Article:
We have been studying pensions in my Advanced Financial Analysis class at Creighton University, and it made me think about how much a military pension is worth. It is fairly easy to calculate how much a military retiree will receive each month, but that is not the value of a pension. The value would be the monthly pension payment amount multiplied by the number of payments received (in other words, all of the future payments), discounted back to the present moment. Sounds like fun!

So, how much is a Pension worth?

The answer is not simple. If I retire today and get bit by Suarez the following day, contract the Ebola virus and drop dead, the pension is worth nothing. If instead I get bit by Lestat, and receive the gift of immortality, my pension can be quite valuable. There are other big variables other than the number of payments received (lifespan) such as: the amount of the pension payments, and what discount rate to use. Other items such as taking the REDUX bonus option or not (future post subject), the pension is indexed to the CPI to protect against the ravages of inflation (yet another future blog post subject), and the Survivor Benefit Plan are going to be ignored for now. I just want to focus on the present value of the future stream of pension payments. There are three elements we need for the calculation:

  1. How long will we receive the pension payments? I always joke with my wife about keeping me alive no matter what to keep collecting the pension payments. I would even be willing to have my head preserved in a jar if it meant I could keep collecting the pension. I could even be on the shelf next to Lestat, or Tom Cruise.  I am going to be using 20 years (240 months), 30 years (360 months), 40 years (480 months) and 50 years (600 months) for the calculations here.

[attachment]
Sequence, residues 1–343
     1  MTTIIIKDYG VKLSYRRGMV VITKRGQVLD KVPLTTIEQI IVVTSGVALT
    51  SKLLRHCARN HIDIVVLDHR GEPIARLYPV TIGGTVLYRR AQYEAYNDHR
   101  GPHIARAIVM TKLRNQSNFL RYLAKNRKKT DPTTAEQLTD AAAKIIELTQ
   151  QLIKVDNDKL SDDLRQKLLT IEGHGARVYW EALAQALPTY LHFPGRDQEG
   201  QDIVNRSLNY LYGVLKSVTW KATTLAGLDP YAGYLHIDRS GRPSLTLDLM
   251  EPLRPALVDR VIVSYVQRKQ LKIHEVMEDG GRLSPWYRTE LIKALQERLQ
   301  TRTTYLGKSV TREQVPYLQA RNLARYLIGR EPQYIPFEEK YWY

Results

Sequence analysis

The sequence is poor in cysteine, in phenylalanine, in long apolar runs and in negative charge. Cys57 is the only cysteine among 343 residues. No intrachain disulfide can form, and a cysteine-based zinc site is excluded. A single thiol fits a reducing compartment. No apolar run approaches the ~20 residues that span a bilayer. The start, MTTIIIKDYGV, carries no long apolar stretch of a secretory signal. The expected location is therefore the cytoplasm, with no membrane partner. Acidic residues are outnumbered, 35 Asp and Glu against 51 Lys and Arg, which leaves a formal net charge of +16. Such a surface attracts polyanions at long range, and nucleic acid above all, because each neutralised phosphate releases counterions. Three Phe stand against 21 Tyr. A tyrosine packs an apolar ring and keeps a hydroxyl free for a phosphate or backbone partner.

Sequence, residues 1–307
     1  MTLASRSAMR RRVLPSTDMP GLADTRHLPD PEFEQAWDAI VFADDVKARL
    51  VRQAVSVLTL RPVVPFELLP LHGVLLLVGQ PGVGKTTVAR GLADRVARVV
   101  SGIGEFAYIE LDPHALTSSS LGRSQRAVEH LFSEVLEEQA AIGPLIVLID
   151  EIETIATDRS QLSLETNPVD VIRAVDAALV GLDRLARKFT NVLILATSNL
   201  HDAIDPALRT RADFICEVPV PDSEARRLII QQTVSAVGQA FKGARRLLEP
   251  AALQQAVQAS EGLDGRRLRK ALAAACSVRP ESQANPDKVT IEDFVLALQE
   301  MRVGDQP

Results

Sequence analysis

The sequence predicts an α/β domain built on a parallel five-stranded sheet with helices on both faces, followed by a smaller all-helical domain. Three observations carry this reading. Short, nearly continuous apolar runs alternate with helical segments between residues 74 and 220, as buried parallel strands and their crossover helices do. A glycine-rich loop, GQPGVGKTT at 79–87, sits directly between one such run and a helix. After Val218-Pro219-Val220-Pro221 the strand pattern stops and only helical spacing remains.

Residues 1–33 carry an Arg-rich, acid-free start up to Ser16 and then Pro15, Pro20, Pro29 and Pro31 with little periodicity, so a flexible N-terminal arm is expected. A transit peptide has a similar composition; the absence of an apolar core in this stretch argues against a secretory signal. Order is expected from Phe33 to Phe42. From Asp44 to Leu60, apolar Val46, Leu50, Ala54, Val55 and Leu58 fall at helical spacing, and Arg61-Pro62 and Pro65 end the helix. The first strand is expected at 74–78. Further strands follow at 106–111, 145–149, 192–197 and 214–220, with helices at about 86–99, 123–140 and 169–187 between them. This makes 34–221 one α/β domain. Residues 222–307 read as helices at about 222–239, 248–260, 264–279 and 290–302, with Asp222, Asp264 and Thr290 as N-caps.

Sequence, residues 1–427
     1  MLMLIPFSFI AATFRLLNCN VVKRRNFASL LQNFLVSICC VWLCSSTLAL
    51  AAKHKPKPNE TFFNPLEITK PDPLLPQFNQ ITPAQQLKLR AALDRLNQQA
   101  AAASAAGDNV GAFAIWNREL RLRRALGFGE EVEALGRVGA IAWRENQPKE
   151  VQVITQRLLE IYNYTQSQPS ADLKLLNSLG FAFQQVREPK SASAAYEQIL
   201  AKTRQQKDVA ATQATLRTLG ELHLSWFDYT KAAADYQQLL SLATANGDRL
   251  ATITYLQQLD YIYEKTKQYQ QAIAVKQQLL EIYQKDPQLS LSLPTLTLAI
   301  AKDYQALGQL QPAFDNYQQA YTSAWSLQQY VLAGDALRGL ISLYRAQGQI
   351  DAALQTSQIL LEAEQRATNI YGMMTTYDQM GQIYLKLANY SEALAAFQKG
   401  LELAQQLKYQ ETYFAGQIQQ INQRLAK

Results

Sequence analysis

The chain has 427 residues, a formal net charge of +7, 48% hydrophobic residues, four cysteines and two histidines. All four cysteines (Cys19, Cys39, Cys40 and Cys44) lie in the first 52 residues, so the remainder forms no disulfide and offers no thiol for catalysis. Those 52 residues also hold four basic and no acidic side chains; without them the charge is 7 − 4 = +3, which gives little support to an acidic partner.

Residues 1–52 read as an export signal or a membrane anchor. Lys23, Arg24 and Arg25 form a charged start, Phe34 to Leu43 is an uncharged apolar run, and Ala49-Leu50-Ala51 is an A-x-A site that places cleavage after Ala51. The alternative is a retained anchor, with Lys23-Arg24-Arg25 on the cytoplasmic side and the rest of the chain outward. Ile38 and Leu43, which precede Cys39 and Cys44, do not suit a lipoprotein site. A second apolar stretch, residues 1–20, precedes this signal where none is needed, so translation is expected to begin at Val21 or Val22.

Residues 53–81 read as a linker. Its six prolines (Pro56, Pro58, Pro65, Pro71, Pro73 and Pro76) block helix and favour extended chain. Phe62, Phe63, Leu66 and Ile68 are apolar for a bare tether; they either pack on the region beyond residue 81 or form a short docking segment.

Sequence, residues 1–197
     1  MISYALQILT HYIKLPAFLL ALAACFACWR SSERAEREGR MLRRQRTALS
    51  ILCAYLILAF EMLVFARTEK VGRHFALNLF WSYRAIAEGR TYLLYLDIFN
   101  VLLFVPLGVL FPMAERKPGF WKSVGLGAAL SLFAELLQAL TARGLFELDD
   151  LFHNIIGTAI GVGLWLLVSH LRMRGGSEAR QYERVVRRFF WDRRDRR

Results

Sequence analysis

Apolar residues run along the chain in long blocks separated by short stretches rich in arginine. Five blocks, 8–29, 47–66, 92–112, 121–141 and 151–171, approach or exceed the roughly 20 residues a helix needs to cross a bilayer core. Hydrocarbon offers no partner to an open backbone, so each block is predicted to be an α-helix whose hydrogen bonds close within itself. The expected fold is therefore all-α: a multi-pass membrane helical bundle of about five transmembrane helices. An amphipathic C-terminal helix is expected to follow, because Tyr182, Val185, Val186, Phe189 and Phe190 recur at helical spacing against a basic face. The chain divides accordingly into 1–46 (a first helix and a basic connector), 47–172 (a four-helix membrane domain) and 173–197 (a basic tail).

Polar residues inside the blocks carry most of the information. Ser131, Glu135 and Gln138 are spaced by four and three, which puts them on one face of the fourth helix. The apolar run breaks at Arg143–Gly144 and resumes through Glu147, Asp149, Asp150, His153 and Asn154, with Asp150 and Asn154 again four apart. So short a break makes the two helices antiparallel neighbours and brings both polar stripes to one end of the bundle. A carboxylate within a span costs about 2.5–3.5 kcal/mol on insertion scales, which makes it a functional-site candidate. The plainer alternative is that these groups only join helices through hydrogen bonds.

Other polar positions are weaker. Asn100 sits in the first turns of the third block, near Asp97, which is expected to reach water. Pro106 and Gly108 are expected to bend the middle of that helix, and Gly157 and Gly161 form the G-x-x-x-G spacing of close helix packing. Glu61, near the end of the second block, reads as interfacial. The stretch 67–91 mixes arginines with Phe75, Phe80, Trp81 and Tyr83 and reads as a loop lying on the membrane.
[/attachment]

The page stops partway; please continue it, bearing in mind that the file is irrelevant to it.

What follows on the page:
2. How much will the pension payment be? I am going to attempt to make this useful to as many people as possible and just use $100 dollars. I know the pension amounts will be much more than this for any military retiree, but this does something practical. For example, if your military pension is $2,500, you can simply multiple the result I get here by 25 to come up with your value (25 X $100 = $2,500).
  3. Lastly we need to come up with a discount rate. Assuming Paul Ryan never gets his way, the military pension is very close to a risk-free investment. I am going to use the average 10-year-US-Treasury rate from January 1962 until July 2014, which is 6.51%. This value is a bit high by current standards, but it is difficult to know what the rates will be in 2017, let alone 2027. This higher value will decrease the present value of pensions, so arguably I am low balling the value here.

Drum roll please……..and the results according to my trusty HP 12C calculator are:

  • For 20 years (240 months) the value is $13,401.92 per $100 of pension.
  • For 30 years (360 months) the value is $15,804.63 per $100 of pension.
  • For 40 years (480 months) the value is $17,059.92 per $100 of pension.
  • For 50 years (600 months) the value is $17,715.73 per $100 of pension.


  • n = number of months shown above
  • i = 6.51divided by 12
  • PMT = 100
  • FV = 0
  • solve for PV.

I will revisit this subject soon and update this because there is much more to pensions than the above.